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  1. #1
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    A Different Design for a Duel LED Light

    I was trolling around DX and came across this quite different approach to a dual LED light.

    ZhiShunjia ZSJ-B2 1800lm Neutral White 2-LED 4-mode High / Low Beam Bike Headlamp - Black

    The lights are stacked vertically, with one angled down to light in front of the wheel, and the upper one pointed down the trail. That might cast shadows that show contours of the landscape a bit better.

    Yea, it's only an XM-L T6, but surprisingly factory equipped a neutral colour LED. Modes are High -> Mid -> Low, which seems to be the opposite of what you'd need for the trail, but may be the right way round for the road. Strobe looks like it might be in the cycle with off, and it's a unfortunately a fast strobe. No mention of the button showing power status, or overheat step-down. Power plug looks like it might not use the MS standard. European power adapter too. All points that degrade its value.

    What are your thoughts on the design? Would it work well in real life, or is it just a gimmick?

    Maybe one of you guys with pull at DX can get one in for review.

  2. #2
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    I think the angle is too large... also the near light will need to be run on low or you won't see anything from the far light.
    DIY LED Bike Lights:
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  3. #3
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    Since it has reflectors and thus some hotspot I suspect you would get two distinct and unpleasant hotspots. Of course this is just speculation based on the look. I would not bet on this design, at least for MTB riding. You can maybe simulate it somewhat with two single lights with similar lenses.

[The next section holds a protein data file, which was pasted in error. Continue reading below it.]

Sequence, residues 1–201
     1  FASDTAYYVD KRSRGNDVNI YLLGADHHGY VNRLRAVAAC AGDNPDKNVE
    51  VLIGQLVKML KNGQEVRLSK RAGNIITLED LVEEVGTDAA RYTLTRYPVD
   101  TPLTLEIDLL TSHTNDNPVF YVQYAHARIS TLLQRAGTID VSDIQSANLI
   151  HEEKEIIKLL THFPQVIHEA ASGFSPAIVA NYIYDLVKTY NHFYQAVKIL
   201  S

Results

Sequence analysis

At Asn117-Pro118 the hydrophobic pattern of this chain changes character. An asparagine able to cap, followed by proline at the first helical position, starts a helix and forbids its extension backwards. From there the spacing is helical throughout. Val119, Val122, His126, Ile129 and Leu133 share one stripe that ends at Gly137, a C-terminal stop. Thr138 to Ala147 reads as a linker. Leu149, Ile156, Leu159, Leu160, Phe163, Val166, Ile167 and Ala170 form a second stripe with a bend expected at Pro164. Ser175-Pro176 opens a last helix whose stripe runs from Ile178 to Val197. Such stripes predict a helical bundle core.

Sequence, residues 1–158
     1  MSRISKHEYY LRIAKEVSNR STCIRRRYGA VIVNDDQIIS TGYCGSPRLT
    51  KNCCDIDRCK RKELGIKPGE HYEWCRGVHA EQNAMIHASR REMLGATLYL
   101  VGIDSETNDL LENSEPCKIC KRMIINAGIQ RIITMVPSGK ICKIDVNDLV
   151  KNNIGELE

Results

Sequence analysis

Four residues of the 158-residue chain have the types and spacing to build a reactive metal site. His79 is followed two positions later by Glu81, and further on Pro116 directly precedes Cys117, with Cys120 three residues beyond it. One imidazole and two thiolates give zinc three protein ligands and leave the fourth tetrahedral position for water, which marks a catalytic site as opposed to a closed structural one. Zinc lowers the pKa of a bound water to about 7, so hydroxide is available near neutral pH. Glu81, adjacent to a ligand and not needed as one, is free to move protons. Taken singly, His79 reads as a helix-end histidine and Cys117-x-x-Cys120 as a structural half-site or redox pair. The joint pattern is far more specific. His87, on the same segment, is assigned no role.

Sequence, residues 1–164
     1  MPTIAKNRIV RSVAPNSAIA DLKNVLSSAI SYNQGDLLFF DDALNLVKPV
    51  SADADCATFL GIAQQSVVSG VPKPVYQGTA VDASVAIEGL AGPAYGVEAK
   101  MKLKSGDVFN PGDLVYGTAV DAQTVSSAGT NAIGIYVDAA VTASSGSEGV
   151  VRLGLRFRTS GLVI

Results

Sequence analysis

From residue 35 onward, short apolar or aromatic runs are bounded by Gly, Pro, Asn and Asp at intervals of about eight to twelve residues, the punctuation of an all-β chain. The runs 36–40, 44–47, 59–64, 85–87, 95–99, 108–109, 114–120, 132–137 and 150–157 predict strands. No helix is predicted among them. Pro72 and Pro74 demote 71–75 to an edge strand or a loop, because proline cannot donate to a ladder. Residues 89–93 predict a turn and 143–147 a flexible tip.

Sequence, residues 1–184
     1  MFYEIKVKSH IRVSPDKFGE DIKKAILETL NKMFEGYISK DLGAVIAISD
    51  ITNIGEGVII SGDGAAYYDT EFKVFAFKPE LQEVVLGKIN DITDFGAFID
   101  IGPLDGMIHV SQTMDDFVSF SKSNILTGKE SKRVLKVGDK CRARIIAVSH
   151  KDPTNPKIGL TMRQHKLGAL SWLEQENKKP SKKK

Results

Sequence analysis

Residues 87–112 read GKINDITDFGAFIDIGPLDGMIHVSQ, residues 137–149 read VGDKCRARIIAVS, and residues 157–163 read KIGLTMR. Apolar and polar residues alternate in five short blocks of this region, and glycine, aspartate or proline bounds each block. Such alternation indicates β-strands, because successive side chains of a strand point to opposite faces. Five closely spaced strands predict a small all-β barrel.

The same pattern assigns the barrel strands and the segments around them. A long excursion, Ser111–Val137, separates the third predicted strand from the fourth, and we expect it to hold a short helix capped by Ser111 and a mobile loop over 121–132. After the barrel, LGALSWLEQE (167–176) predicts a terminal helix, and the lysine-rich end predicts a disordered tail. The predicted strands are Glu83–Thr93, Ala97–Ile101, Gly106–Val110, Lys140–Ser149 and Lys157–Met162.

4. #4
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    I agree with znomit. The angle you need for near vs far lighting is very small, which this light is not. I think the intention of this light is to have the upper light angled perectly horizontal, to light up things on the ground rather than the ground itseld, and the lower light covers the area right in front of the bike. I think it's targeted at slow cruisers?

    I think the light fails all around, even for cruising. If it's angled so the upper lens is properly aimed to light the road in the distance, the lower lamp will only need a few hundred lumens to light the area it is aimed. Hitting the ground that close with 900lm is going to kill night vision altogether and cause focus to remain too close to the bike.

    The angle of the lamp will not effect change to the amount of shadow. Shadows are created by the angle of the source of light being different from the angle of view IN REFERENCE TO THE OBJECT CASTING THE SHADOW. IOW, you must increase the angle AT THE LIT OBJECT, which means increasing the vertical distance between the light source and your eyes. A popular method of achieving this is a QR nut light mount.
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